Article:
You’ve certainly heard this myth before: “If you have diabetes, you can’t eat sugar”. That's simply not true. What’s important to understand is that carbohydrate and sugar are one and the same: carbohydrates break down into sugar and that’s the part that affects blood sugar. If you have diabetes, eating sugar is possible as long as you count the total grams of carbohydrate as part of your total carbohydrate allowance for the day and the meal. Consuming sugar needs to be done within the confines of a healthy eating plan.
Every year, the American Diabetes Association publishes its Standards of Medical Care in Diabetes. Those guidelines clearly state: “There is no single ideal amount of carbohydrates, fats, and proteins for people with diabetes. This must be individualized."
The guidelines also suggest that carbohydrate intake should come from vegetables, whole grains, fruits, legumes and dairy products over other sources that contain added fats, sugar or sodium (like processed cakes and cookies!).
Sugar provides more than just sweetness in food. Baking with sugar also gives food texture and color. In most recipes, you can reduce the sugar by at least one-third without changing the taste and texture.
Fruit juices and frozen fruit juice concentrates can be used to sweeten baked goods. Since these baked goods are high in carbohydrates, it important to eat these treats in moderation and to count every gram of carbohydrate, not exceeding your recommended total for that meal as prescribed by your healthcare provider.
Sugar-free products can give you added flexibility in your meal plan because they generally contain fewer grams of carbohydrate and are typcially lower in fat and calories. However, this is not always the case. Be sure to read the nutrition facts label and compare regular to sugar-free products to confirm there is an actual benefit.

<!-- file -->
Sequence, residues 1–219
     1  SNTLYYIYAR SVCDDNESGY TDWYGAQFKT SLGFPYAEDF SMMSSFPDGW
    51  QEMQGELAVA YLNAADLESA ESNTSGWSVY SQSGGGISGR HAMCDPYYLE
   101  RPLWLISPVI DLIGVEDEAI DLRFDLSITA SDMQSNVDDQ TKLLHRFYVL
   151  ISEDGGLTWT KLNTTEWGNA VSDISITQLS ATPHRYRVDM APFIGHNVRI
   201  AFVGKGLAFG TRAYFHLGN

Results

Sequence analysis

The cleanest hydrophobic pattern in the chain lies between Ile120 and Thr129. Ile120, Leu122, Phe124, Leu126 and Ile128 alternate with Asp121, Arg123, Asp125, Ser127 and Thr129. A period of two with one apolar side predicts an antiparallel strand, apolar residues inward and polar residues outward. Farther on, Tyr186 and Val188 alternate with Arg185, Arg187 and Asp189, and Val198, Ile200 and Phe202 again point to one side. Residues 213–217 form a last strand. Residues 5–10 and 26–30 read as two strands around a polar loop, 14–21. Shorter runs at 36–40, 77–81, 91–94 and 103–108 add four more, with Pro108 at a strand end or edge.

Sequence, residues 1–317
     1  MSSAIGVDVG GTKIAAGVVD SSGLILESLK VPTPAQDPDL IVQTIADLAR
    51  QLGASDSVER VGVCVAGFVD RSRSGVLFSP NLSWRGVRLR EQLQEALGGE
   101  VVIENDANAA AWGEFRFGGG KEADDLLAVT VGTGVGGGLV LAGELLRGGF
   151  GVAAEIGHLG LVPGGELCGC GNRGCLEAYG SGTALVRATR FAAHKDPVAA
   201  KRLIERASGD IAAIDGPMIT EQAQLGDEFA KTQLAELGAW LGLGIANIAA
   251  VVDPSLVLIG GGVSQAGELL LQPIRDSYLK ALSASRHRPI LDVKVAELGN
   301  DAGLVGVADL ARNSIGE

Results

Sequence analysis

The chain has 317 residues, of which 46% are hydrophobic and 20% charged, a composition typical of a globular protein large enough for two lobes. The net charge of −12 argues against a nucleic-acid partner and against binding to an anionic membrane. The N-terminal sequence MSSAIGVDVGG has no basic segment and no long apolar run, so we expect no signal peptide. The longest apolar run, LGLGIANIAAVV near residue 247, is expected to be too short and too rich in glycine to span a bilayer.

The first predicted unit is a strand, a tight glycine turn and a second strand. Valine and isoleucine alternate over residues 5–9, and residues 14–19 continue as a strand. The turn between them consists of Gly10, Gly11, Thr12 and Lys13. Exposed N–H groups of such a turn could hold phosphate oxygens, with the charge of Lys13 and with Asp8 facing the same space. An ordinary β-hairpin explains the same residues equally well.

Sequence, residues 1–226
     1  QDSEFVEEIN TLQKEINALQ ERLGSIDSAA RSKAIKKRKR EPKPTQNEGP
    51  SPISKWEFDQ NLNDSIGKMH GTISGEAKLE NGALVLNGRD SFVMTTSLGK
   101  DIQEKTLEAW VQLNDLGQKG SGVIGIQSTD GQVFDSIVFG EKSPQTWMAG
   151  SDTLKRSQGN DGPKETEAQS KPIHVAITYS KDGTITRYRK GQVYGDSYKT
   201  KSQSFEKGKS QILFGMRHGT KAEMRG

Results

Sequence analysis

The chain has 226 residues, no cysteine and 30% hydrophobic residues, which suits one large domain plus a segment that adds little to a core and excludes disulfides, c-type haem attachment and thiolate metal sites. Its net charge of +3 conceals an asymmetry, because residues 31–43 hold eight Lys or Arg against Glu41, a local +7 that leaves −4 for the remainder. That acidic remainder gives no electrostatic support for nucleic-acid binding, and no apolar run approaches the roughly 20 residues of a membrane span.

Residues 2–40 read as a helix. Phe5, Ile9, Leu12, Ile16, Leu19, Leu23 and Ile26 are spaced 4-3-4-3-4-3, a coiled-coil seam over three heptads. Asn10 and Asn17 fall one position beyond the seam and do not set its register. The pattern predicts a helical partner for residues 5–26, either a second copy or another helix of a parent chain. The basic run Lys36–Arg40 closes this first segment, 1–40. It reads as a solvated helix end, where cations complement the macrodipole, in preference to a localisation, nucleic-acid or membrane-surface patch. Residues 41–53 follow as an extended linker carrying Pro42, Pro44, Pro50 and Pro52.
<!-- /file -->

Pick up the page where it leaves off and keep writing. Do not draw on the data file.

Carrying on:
Artificial sweeteners provide almost no calories and will not affect your blood sugar levels because they are not metabolised by the body. However, not all artificial sweeteners can be used for baking and prolonged cooking. Read the labels and only use those that say the product can be used for baking.
Two readily available, one-to-one sugar substitutes that can be found on most supermarket shelves are Splenda and Twin (Twin has both a white sugar replacement and a brown sugar replacement product).
These sugar substitutes are excellent for prolonged cooking and baking. Neither leaves that tell-tale bitter or metallic aftertaste that many sugar substitutes have when heated and are measured out like common table sugar—a cup for a cup; 1 tablespoon for 1 tablespoon, etc.
Newer sugar substitutes on the market include Stevia. Stevia is made from a plant native to South America that and has been around for centuries. SweetLeaf is a sweetener made from stevia extract, and both Truvia and Pure Via are stevia-based. These products have been FDA approved, while whole-leaf stevia or extracts have not. Stevia is not a one-to-one substitute for sugar, so the manufacturer recommends you consult their conversion tables.
Agave nectars and syrups are commonly marketed as healthier alternatives to sugar and honey. Unfortunately, the fructans in these products are broken down into smaller fructose chains, which means that they still affect blood sugar levels like high fructose corn syrup.
Here, some does and don'ts to following when using sugar substitutes to make your favorite sweets.
Want to start baking? Click here for recipes using sugar substitutes.